To enhance your expe­ri­ence I uti­lize Kun­dalini Yoga tech­niques to go deeper into your yoga prac­tice.  What is Kun­dalini Yoga?   Kun­dalini yoga, “yoga of aware­ness”, is blend of yoga tra­di­tions that pre­pare one for deep med­i­ta­tion by clear­ing and bal­anc­ing ones energy chan­nels and vor­texes of the body. To open these energy chan­nels Kun­dalini yoga embraces two other prin­ci­ples of yoga that are based in sound and mantra called Nada and Laya Yoga. The “naad” in Nada Yoga is the pri­mal vibra­tion and imple­ments the dis­ci­pline of all sound. When the naad is inte­grated with the Kun­dalini, it trans­forms itself into Laya Yoga, the merg­ing of the finite self with the infi­nite self through the use of tantra(spiritual sci­ence), pranayam (breath tech­niques), sound and mantra. When you merge with the infi­nite self you become what you vibrate-that is the “naam”.

White Tantric Yoga Picture

Where did Kun­dalini yoga come from?  It is best to know where Yogi Bha­jan extracted the infor­ma­tion.  Yogi Bha­jan brought what is now known as Kun­dalini Yoga to the United States in 1969.  Yogi Bha­jan learned from Mas­ters such as Sant Haz­ara Singh, Sat Nazara Singh, Swami Chi­dananda, Vishnu Devananda, Satchi­dananda, Acharya Narinder Dev, Dhiren­dra Bra­macharya, and Maharaj Virsa Singh.  His teaches had a back­ground in Raja, Hatha, Tantra, Vedanta, and Sikh tra­di­tions or teach­ings of Naam,  Before 1969 Raja Yoga tech­niques were only given to roy­alty or to stu­dents who proved their wor­thi­ness to a Raja Yoga teacher.  Orig­i­nally the only way to be taught was to be selected by a Raja Yoga teacher and to go through the steps to prove to them that you were wor­thy of the infor­ma­tion and prac­tice.  In 1969, in the dawn of the Aquar­ian Age, Yogi Bha­jan found it nec­es­sary to change the rules, with much resis­tance from Sikhs in India, and decided to share the infor­ma­tion with any­one who had the courage to lis­ten and become “aware”.  Since its birth in 1969, Kun­dalini Yoga has been known as the “yoga of aware­ness”.    The Shikha-Upanishad refers to Kun­dalini Yoga as the com­bined prac­tice of Mantra Yoga, Laya Yoga, Hatha Yoga, and Raja Yoga.

 “It is a royal com­mand and ruler­ship of yogic virtue and values”-Yogi Bhajan.  

Kun­dalini Yoga is known now as the mas­ter sci­ence of expe­ri­ence and aware­ness.  It is the clas­sic form of yoga that trans­mits con­science aware­ness from per­son to per­son through the Legacy of the golden chain of teachers.

Kun­dalini yoga classes are a dynamic blend of pos­tures, pranayam, mantra, music and med­i­ta­tion, which teach you the art of relax­ation, self-healing and ele­va­tion. Bal­anc­ing body and mind enables you to expe­ri­ence the clar­ity and beauty of your soul. No pre­vi­ous expe­ri­ence in yoga is required for you to achieve results with your very first class. Men of great knowl­edge actu­ally found out about the chakras – their work­ings, their petals, their sounds, their infin­ity, their co-relationship, their pow­ers. They found that the life of a human is totally based on these chakras. This total sci­ence gave birth to Kun­dalini Yoga.”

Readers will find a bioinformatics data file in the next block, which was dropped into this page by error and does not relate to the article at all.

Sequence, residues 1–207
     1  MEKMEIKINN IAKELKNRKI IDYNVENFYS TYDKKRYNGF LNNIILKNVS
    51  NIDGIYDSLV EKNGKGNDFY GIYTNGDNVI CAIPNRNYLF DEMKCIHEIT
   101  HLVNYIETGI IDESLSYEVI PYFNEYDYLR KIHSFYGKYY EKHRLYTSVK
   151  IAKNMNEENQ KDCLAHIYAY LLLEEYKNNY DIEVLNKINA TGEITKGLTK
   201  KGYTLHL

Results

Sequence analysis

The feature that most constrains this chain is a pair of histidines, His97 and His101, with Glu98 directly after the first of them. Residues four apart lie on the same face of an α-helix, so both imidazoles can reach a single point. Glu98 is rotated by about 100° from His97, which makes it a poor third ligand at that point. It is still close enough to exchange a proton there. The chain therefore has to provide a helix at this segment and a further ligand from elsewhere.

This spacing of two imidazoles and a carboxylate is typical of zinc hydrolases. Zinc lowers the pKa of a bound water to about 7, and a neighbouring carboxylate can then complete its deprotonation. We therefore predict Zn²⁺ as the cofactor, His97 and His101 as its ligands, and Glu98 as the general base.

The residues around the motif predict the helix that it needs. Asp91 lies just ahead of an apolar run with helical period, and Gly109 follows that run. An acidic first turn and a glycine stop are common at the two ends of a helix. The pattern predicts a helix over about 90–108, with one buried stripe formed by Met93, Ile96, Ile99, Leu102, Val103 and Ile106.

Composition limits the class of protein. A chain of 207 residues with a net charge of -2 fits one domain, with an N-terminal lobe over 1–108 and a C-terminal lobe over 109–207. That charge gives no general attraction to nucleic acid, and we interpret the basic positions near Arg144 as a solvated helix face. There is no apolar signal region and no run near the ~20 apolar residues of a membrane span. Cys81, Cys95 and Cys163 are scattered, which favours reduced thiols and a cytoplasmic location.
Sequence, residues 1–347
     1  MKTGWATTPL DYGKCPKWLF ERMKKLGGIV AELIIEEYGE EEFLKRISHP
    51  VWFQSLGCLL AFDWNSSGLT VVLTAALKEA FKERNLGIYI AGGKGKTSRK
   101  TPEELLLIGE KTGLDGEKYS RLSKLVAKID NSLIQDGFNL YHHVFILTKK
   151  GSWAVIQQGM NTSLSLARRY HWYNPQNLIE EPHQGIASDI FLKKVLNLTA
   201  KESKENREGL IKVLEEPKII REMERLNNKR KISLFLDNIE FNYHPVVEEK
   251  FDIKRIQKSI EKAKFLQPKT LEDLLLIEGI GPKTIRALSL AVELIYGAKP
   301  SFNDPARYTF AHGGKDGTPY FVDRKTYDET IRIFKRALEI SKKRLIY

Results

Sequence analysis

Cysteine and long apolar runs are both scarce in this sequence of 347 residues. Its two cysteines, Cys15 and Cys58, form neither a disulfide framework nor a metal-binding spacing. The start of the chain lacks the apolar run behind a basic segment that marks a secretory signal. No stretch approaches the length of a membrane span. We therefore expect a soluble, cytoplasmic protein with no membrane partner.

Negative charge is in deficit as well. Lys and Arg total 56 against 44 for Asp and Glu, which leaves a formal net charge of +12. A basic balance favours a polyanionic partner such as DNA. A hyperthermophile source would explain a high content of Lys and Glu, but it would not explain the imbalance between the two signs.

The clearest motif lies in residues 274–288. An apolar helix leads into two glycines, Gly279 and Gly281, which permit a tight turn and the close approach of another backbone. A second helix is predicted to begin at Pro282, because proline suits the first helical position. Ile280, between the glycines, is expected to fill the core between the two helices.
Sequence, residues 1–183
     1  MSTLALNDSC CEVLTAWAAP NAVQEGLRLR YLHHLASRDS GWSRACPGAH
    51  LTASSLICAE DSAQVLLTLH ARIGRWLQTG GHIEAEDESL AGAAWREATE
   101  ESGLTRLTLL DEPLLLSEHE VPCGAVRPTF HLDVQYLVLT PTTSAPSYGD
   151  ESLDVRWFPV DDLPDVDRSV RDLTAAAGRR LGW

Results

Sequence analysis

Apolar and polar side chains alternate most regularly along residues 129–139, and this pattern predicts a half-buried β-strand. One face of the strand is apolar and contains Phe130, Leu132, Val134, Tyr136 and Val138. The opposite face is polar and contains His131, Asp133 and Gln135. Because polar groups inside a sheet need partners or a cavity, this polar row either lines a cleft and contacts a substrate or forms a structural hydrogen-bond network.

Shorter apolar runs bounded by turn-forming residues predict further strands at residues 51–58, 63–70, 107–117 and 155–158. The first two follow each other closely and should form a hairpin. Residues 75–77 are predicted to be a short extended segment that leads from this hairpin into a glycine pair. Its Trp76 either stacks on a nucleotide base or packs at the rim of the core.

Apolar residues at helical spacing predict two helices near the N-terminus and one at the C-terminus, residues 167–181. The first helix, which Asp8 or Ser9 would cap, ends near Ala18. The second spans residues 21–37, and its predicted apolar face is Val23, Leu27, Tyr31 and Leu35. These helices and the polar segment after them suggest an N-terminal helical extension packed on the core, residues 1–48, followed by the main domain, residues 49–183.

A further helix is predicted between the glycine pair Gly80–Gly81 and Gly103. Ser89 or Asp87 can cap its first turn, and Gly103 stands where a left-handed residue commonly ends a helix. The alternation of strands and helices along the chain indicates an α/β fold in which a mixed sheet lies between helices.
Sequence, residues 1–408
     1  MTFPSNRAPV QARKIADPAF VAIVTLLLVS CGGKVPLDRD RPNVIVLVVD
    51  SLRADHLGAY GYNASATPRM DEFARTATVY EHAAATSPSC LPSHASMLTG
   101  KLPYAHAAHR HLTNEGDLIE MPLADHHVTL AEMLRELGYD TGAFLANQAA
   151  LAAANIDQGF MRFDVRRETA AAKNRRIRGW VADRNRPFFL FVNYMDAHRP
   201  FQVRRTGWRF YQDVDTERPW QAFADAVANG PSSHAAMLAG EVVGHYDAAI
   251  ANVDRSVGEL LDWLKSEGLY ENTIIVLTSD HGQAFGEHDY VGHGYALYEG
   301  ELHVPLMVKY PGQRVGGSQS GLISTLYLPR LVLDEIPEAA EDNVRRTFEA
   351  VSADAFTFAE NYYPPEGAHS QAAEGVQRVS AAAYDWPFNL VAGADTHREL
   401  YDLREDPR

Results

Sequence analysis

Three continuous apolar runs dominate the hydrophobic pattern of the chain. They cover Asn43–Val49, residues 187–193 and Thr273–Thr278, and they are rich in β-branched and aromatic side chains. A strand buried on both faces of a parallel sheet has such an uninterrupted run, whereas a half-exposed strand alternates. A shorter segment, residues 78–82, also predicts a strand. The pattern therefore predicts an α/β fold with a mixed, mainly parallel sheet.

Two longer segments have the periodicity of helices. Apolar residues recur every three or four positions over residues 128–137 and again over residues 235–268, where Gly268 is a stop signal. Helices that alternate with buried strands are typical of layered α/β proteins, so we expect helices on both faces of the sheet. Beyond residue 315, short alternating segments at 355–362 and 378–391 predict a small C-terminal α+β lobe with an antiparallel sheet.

How does Kun­dalini Yoga work:  The Kun­dalini energy is dor­mant at the base of the spine or root chakra (mulad­hara chakra).   The down­ward elim­i­nat­ing energy or apana(negative) rises through the cen­tral nerve (sush­muna) with the appli­ca­tion of the root lock (Mulbandh)to mix with the life force of the atom or prana(positive) in the naval center/nadhi /4th ver­te­brae, the cen­tral seat of the Kun­dalini energy. The Sec­ond or diaphragm lock (Uddiyana Bandh) increases the pres­sure to pull the kun­dalini energy up through the cen­tral nerve to the Neck/throat chakra.  Lastly the third lock (Jaland­har Bandh) takes the energy from the throat chakra to the top of the head to merge with the sahas­rara, or crown chakra.   This union of expe­ri­ence of the Kun­dalini energy that rises to the crown and encap­su­lates the body before return­ing to its ori­gin at the base of the spine is great beyond words-Wahe Guru.  This process helps you hold the space to be engrossed in deep med­i­ta­tion and infi­nite bliss.

The key to the kun­dalini prac­tice is hav­ing the dis­ci­pline to prac­tice reg­u­larly and develop the tech­niques to move the the energy through the body to the crown so that all sev­enty two major merid­i­ans vibrate and clear and clean the 72,000 chan­nels through­out the body’s dif­fer­ent sys­tems.  Reg­u­lar prac­tice of the Kun­dalini yoga tech­nol­ogy of var­i­ous  inten­tional based Kriyas, Pranayams, and Med­i­ta­tions allows stu­dents to be con­nected to infi­nite source.  The prac­tice opens block­ages, trans­forms habits and releases bod­ily dis­com­forts so that unlim­ited poten­tial and wis­dom that already exists within every human being may be reached.

It is impor­tant to enjoy the process by tak­ing each class as a step on your jour­ney into union with the infi­nite where joy, hap­pi­ness, and abun­dance is limitless.

Come join the reg­u­lar expres­sion of explor­ing the uni­verse becom­ing aware of itself.…